That's just one plank in the administration's new plan to curb youth vaping, Trump told reporters.

"We have to take care of our kids, most importantly, so we're going to have an age limit of 21 or so," the ...

More than one in every four U.S. high school students (27.5%) currently vape, a new study shows.

About one-third of these teen vapers do so on a nearly daily basis, and nearly three-quarters favor flavored varieties of the addictive, nicotine-laden products.

And nearly 60% of high school students who currently vape use the popular Juul brand, according to researchers...

Despite repeated calls from public health groups to cut smoking scenes on the silver screen, the number of "tobacco incidents" in PG-13 movies has risen by 120% over the past decade, a new report finds.

Much of the rise has occurred within a certain genre of film: biographical dramas. But even in these "biopics," characters aren't necessarily smoking because they represent a histo...

Smoking is a notoriously tough habit to quit, but a new study suggests it is far harder for women to stop than it is for men.

Why? The researchers point to a higher prevalence of anxiety and depression in women, which might interfere with even the best intentions to kick the habit. And one expert noted that prior evidence has shown that women's brains react differently to nicotine.

Coming on the heels of recent U.S. federal and state efforts to ban flavored e-cigarettes, a new report finds the percentage of American teenagers who've used these products continues to climb.

According to 2018 data, nearly 2.4 million middle and high school teens say they have used a flavored e-cigarette at least once over the past 30 days.

Among teens, "e-cigarettes were ...

As the number of cases and deaths tied to vaping-linked lung injury continues to rise across the United States, a meticulous examination of 17 such cases suggests a possible culprit.

All of the patients examined had severe forms of the illness, and two had died.

"Based on what we have seen in our study, we suspect that most cases involve chemical contaminants, toxic byproduc...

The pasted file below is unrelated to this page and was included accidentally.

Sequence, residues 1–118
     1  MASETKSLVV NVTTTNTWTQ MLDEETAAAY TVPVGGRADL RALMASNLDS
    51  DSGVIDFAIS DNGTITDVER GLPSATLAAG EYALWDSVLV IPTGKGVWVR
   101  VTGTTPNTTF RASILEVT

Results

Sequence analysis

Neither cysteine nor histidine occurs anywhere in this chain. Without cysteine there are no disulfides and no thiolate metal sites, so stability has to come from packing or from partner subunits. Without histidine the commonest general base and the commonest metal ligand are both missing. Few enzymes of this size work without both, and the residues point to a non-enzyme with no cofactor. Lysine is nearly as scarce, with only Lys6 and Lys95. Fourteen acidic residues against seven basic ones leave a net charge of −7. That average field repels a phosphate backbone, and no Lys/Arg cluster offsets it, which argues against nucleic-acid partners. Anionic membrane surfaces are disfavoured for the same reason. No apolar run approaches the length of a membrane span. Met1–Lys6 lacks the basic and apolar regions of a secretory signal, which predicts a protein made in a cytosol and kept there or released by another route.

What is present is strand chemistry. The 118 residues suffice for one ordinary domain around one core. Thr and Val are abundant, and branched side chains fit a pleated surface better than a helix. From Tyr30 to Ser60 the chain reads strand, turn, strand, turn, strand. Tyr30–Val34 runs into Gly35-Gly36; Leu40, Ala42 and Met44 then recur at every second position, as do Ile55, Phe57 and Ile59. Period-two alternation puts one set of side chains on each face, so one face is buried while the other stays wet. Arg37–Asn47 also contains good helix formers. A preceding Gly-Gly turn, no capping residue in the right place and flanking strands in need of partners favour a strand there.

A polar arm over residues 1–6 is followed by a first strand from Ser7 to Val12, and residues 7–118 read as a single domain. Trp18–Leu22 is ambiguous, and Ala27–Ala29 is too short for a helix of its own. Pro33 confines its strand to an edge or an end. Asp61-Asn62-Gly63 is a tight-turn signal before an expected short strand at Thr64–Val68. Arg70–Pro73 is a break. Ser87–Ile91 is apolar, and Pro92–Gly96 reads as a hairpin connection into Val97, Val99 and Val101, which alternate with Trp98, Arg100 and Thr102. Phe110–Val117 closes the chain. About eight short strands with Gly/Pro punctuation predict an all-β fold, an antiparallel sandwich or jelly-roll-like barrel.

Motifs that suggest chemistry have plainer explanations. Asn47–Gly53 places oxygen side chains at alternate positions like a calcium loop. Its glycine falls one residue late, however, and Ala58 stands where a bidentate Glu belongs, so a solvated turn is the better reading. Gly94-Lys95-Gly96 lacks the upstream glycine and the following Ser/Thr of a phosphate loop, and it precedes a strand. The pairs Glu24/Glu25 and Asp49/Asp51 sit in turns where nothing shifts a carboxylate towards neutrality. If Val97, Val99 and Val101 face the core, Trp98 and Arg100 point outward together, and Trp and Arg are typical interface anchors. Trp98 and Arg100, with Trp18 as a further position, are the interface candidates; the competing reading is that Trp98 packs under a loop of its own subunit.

Amid a national outbreak of vaping-linked illnesses and deaths, vape device maker Juul Labs said Wednesday it is stopping all print, digital and television advertising, and its CEO, Kevin Burns, is stepping down.

Juul, by far the largest vaping products maker in the United States, also said it will not fight a proposed nationwide ban on flavored e-cigarettes, put forward earlier this ...

Pot. Alcohol. Depression.

This trio of factors is on the increase in former smokers and ups the risk of relapse, undermining decades of gains made in the effort to help Americans kick the habit, a new study suggests.

"Because previous research has demonstrated that these factors put former smokers at greater risk of relapsing with tobacco … our study should signal an ...

The danger to teenagers' lungs from e-cigarettes isn't only occurring in those who vape: A new report finds many young bystanders are breathing in "secondhand" fumes.

The researchers analyzed data from the U.S. National Youth Tobacco Survey, and found that about one-third of middle and high school students were exposed to vaping aerosols in 2018.

That's an increase of about ...

The health profile of vaping just took another knock: New research suggests that e-cigarettes can cause the same lung changes that lead to emphysema in smokers.

Researchers tested lung fluid from 41 people -- nonsmokers, smokers and people who vape -- and found that the lungs of both smokers and vapers had elevated levels of protease enzymes, a precursor condition to emphysema in smok...

When you stop smoking, your heart starts to rebound right away, but a full recovery can take as long as 15 years, a new study suggests.

"The benefit of quitting smoking cannot be overstated -- the cardiovascular system begins to recover quickly, with some physiologic changes happening within hours," said lead researcher Meredith Duncan, of the division of cardiovascular medicine at Va...

Smokers would have to get past some gruesome imagery to purchase a pack of cigarettes under a new rule proposed Thursday by the U.S. Food and Drug Administration.

Cigarette packs would have to carry very large warning labels that would feature color photos graphically illustrating the damage smoking can cause, the FDA said Thursday. It would be the most significant change to cigarette...

Taking up vaping in adolescence or early adulthood is tied to a more than threefold hike in the odds of becoming a marijuana user, researchers report.

The study -- an analysis of data from 21 separate studies -- can't prove that e-cigarette use actually causes young people to smoke pot. But the association was strong: Youth with a history of vaping had about a 3.5-times higher odds fo...